This section could also be called "Don't be that guy/gal." Whether you are in a hypercompetitive league or just trying to have some casual fun, you want to be a responsible fantasy football manager. Generally speaking, that just means follow the golden rule, treating others the way you'd want to be treated in your league. With that in mind, here are some things to keep in mind, so you know what should be expected of every fantasy football manager.
Be on time for your draft. In fact, be early, just in case you're having internet issues or something else slows you down. You don't want to make everyone wait or have your team autodrafted because of the lack of time management.
Never quit. This seems simple enough in Week 1, when everyone has a chance and the future looks bright. But when it's Week 10 and your injury-riddled 1-9 team has no chance of making the playoffs, it can be tougher to continue making waiver claims, setting your lineup and responding to trade offers. Put yourself in the shoes of a manager who is competing for the final playoff spot with the team facing someone who has thrown in the towel already. If he/she tanks the game by not doing his/her part, it could affect the outcome of the entire season.
Don't collude. Collusion in fantasy sports means that two teams make a trade or finagle the waiver wire to give one team an edge in the league. There is nothing worse in fantasy, because it completely destroys the league's integrity. There are safeguards you can put in place -- getting trustworthy people in your league, having a principled commissioner, using the veto system -- but just be sure you are doing your part to avoid making transactions for any reason but improving your roster.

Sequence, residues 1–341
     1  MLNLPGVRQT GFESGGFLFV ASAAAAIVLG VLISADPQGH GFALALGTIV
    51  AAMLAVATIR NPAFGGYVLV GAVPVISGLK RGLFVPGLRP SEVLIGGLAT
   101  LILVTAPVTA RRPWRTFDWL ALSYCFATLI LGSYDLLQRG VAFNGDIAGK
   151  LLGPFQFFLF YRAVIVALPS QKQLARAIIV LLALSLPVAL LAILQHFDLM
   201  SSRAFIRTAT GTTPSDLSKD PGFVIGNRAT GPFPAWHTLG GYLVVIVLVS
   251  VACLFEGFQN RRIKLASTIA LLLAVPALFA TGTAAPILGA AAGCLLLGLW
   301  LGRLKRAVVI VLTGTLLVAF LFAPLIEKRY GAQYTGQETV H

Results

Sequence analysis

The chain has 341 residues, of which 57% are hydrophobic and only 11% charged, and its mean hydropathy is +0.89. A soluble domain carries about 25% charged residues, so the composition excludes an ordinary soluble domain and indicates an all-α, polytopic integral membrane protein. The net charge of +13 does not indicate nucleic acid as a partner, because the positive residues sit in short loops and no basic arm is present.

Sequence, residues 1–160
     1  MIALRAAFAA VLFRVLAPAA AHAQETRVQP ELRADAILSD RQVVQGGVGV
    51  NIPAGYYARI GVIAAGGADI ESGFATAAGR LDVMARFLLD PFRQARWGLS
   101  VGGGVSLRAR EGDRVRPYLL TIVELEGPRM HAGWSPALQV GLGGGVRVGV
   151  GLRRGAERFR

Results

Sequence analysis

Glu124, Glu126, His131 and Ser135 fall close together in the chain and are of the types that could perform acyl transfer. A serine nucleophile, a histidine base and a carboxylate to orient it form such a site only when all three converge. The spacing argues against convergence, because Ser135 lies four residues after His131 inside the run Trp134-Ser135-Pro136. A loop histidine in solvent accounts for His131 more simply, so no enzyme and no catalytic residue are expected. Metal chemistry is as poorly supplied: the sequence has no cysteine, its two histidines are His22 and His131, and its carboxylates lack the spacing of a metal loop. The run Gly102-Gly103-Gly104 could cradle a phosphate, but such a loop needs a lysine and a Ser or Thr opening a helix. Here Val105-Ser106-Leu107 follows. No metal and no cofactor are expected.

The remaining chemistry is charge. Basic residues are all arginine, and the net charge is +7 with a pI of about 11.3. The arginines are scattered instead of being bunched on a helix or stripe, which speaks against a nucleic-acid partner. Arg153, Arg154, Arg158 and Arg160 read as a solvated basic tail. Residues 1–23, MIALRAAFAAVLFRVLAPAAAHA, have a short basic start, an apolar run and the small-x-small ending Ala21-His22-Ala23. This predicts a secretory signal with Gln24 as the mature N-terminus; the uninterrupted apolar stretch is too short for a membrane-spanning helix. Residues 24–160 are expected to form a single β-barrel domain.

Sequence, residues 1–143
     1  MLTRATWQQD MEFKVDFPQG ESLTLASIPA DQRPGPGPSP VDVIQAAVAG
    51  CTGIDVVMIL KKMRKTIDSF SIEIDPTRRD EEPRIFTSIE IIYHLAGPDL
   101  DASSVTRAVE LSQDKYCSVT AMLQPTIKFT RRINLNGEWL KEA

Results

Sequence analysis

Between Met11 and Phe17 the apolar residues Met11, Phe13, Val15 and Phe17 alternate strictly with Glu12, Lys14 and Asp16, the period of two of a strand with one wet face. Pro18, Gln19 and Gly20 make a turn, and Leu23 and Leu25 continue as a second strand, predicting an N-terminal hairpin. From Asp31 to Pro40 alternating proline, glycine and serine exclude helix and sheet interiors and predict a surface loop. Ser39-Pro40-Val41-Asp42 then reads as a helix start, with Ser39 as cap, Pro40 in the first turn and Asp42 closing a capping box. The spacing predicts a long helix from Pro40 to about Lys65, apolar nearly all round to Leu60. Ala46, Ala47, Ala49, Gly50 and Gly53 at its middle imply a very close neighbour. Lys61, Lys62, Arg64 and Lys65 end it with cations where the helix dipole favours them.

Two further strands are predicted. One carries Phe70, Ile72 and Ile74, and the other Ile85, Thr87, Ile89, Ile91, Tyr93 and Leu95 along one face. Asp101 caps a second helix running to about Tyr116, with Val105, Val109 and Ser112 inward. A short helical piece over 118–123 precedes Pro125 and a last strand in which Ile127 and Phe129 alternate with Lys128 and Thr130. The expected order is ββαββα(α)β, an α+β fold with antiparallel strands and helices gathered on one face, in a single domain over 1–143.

Don't bombard managers with ridiculous trade offers. Sometimes one person may think a trade offer is horrible and the other person may think it's legit. That's normal, and you shouldn't hesitate to make lowball offers if you intend to up the ante to actually pull of a deal. But people who send gobs of horrible trade offers typically get shunned, rarely complete meaningful trades and sometimes get booted from the league during the offseason.
Don't take forever to respond to a trade offer. While you don't have to accept, decline or counter a trade offer immediately, it is common courtesy to at least drop the other manager a line as soon as possible to let him/her know you are considering it. It gets mighty frustrating when you make an offer to someone, only to wait, and wait ... and wait.
Make your league payment on time. Your commish has enough responsibilities without have to chase you down for your payment, if you play in such a league.